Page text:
The Future of AI and Engineering

The future is big and it is awesome. For years now we've been using computers to "automate the boring stuff" and we just got a whole lot closer to automating a whole lot more boring stuff.

In all three fields, I rate it about as good as a really motivated high-school student - capable of amazing things, but often a bit distracted.

Even if AI is never sentient (whatever that particularly means), the tools it will allow are amazing. Need detailed CAD design? simply describe the part you want adequately. Some people are annoyed that their job essentially becomes "typing random text at an AI and hoping it does the right thing" but isn't that exactly what a manager does? "Hey worker, here's a paragraph of text telling you what I want you to work on for the next month" The only difference is that the AI will do exactly what you ask, but will probably get it wrong - so you have to check if it's doing the right thing. Treat the AI like a remote worker, where all you can do is email them.

So where does this leave engineers? We are people who specialise in solving other peoples problems. Good news! There's no shortage of problems to solve. Bad news! your job is now more like middle-management: talking to people and talking to computers.

The future will be amazing. Imagine a world where every item is custom-built to your specifications. All you have to do is describe it adequately, check that the computer understood you correctly, and then wait while some factory manufactures it and it is shipped to your door. For a guy like me who enjoys making things, that sounds pretty ideal! I've got many many projects lined up ready to go.....

Want some specific predictions of how things will look:

  1. Coding will not be done by humans. AI's and expert systems will generate machine code directly from descriptions of the intent of the software. They will (try) to pull from context to understand what you *mean* rather than what you say.
  2. CAD design becomes reasonably obsolete. Describe the interfaces and constraints and it will figure out the rest. It won't be like modern "generative design" but will make actual engineering decisions about manufacturability, part strength, factors of safety etc.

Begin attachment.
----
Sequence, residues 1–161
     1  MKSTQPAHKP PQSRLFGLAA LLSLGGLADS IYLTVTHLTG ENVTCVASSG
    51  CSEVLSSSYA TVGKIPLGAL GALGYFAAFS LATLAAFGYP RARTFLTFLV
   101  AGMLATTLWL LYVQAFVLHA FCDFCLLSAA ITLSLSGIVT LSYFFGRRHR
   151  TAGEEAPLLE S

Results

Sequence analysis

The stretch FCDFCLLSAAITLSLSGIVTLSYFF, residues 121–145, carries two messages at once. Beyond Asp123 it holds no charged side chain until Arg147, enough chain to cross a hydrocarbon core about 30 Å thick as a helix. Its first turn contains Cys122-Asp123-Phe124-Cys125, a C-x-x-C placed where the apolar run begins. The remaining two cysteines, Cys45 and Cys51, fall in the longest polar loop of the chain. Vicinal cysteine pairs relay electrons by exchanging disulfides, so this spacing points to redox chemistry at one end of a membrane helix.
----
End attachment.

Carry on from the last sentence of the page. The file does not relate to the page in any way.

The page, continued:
3. Electronics will become increasingly single-chip. Why bother with PCB's if an AI can just pack it all into one lump of silicon for you. Lower cost, lower failure rates, lower power requirements etc. Coupled with #1 we may see a huge increase in the number of ASIC's. You literally build the software into the chip.
  4. Sounds like every problem will be solved, right? Wrong. All the easy ones will be solved, but new ones will be found. Expect accelerating research and development into technologies we can barely conceive of actually existing! But after all, each scientist will be backed up by an AI with access to libraries of information, and apparatus can be constructed like never before.
  5. Industry 4.0 actually happens.
  6. Stores will increasingly sell one-of-a-kind items. You go to a clothing shop and every item of clothing is unique. When you decide to purchase one, a new one is manufactured for your exact fit. Or perhaps the very notion of a physical store becomes obsolete (they already pretty much are in many industries and for many people).
  7. Humans will still be humans. We'll still be lonely, confused, joyful and depressed. We still won't have figured out this whole "being human" thing - just like always. We'll still hang out with friends in the physical world, and go down to the pub with them.

The cover image is generated by Stable Diffusion with the prompt: "mankind recently started building an orbital construction facility, john harris"

If you don't know who John Harris is, go check out his paintings. Even in a world of endless digital art, John Harris is still painting with oils on canvas and creating the most beautiful abstract-sci-fi. To me it is proof that a good artist is a good artist, regardless of medium and technologies. AI is just another step further away from drawing on a sandy beach with our fingers. Fun fact: John Harris' paintings cover many of the sci-fi-books loved as a kid.